DUBAI, 5 May 2011 (IRIN) - The International Committee of the Red Cross (ICRC) has called for better humanitarian access to the southern Syrian city of Deraa, which has been hit by political violence, and where food, water and medical supplies have also run short.
"The violence has resulted in a large number of casualties and we fear that if the situation worsens, more lives will be lost," said Marianne Gasser, head of the ICRC delegation in Damascus. "It is urgent that emergency medical services, first aid workers and others performing life saving tasks swiftly reach those in need."
The city, described by various sources as the epicentre of pro-reform protests, has had its electricity and communications cut since 26 April.
The warning came days after the Human Rights Council, an inter-governmental body in the UN system, adopted a resolution calling on the Syrian government to end human rights violations, protect its population, fully respect all human rights and fundamental freedoms, allow access to the internet and telecommunications networks, and lift censorship on reporting.
According to the International Crisis Group (ICG), a conflict resolution body, Syria is "quickly going beyond the point of no return".
"By denouncing all forms of protest as sedition, and dealing with them through escalating violence, the regime is closing the door on any possible honourable exit to a deepening national crisis," the ICG warned.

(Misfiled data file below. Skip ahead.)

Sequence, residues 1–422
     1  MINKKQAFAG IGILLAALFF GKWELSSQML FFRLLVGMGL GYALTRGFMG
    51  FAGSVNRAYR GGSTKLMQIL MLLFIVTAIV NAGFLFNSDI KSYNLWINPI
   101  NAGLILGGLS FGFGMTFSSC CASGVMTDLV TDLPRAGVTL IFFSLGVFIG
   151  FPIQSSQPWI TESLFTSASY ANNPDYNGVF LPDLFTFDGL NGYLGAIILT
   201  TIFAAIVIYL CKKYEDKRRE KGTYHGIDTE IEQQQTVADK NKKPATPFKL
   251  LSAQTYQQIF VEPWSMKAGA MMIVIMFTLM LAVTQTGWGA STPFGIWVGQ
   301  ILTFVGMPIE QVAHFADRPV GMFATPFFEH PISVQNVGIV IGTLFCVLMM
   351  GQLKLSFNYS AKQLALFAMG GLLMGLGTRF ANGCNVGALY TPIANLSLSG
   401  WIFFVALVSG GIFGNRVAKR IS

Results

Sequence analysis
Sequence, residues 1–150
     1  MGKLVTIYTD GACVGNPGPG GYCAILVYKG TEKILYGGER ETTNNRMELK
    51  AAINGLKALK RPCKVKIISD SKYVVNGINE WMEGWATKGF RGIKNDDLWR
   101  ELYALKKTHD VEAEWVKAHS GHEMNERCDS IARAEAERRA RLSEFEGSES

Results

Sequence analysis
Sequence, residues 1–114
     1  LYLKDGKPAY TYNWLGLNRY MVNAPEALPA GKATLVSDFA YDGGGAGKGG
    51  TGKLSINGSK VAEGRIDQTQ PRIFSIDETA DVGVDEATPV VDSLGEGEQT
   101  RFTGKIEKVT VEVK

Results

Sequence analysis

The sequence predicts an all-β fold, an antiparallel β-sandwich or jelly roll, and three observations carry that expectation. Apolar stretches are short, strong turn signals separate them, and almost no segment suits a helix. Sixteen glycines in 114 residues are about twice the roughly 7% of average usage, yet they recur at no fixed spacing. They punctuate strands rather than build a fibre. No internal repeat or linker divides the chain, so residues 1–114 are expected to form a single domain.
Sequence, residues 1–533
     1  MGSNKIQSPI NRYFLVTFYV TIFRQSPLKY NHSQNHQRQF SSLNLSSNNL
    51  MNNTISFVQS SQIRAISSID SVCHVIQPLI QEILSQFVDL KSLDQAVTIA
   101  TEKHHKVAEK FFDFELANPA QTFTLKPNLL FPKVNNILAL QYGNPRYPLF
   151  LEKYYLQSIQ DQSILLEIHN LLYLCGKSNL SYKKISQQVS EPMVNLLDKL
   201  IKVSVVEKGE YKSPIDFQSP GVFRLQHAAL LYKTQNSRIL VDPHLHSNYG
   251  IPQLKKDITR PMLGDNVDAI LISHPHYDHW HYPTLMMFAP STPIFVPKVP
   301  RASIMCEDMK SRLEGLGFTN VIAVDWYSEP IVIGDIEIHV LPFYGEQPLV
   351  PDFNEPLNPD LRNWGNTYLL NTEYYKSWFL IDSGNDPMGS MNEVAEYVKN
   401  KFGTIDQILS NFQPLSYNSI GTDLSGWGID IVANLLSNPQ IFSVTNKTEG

"With little the international community can do, the optimal outcome is one whose chances are dwindling by the day: an immediate end to the violence and a genuine national dialogue to pave the way for a transition to a representative, democratic political order."
Reports say protestors against the government of President Bashar al-Assad have faced violent repression by security forces. On 1 May, 499 were arrested in Deraa, according to Amnesty International, which also said it had received first-hand reports of torture and other ill-treatment from detainees.
"These disturbing new accounts of detainees being tortured further underscore the need for President Bashar al-Assad to put an end to his security forces' violent onslaught against his own people," said Philip Luther, Amnesty International's deputy director for the Middle East and North Africa.
"The use of unwarranted lethal force, arbitrary detention and torture appear to be the desperate actions of a government that is intolerant of dissent and must be halted immediately. Syrians must be allowed to voice their calls for change peacefully."